The Holy Mountain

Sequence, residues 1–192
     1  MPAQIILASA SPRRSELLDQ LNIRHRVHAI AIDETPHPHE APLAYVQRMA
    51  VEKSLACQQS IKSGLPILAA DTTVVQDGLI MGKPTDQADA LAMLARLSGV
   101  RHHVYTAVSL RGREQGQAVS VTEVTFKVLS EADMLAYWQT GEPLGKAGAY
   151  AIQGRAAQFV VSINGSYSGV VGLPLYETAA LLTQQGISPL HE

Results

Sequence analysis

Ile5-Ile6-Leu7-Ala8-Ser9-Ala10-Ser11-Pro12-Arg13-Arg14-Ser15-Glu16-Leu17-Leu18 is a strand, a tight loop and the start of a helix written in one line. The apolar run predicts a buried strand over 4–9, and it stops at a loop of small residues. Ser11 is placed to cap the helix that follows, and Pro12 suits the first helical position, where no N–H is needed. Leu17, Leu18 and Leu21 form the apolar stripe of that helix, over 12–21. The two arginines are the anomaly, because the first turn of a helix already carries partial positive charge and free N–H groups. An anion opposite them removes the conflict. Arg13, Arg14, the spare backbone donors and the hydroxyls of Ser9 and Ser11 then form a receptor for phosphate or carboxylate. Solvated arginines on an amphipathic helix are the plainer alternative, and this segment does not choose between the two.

After boggling some key minds (including the Beatles) with his 1970 cult hit El Topo, writer/director Alejandro Jodorowsky won the funding to realize this even more bizarre mystical opus. A mostly naked thief (Horácio Salinas), who bears a passing resemblance to a certain son of God, finds his way through a grim and decadent desert town to ride a golden fishhook up into a tower that contains an alchemist (Jodorowsky). After ritually bathing the thief (including his asshole) and transforming his shit into gold (on camera), the alchemist takes him on a guided tour of the solar system's planets, which are inhabited by the people behind various vices, vanities, and abuses of powers (e.g., a female arms dealer on Mars who makes Prince-esque "psychedelic shotguns"). They all band together to ascend the title peak to achieve enlightenment, which ultimately arrives in a most unexpected fourth wall-breaking form. As in El Topo, Jodorowsky fills the screen with an endless stream of bizarre ideas and images-the Spanish conquest of Mexico as re-enacted by scads of lizards and toads dressed in little Aztec and conquistador outfits is especially memorable. But as in El Topo, what Holy Mountain lacks in linear sense it makes up for in lysergic satire, stunning creativity, and uncanny craftsmanship. Preach on.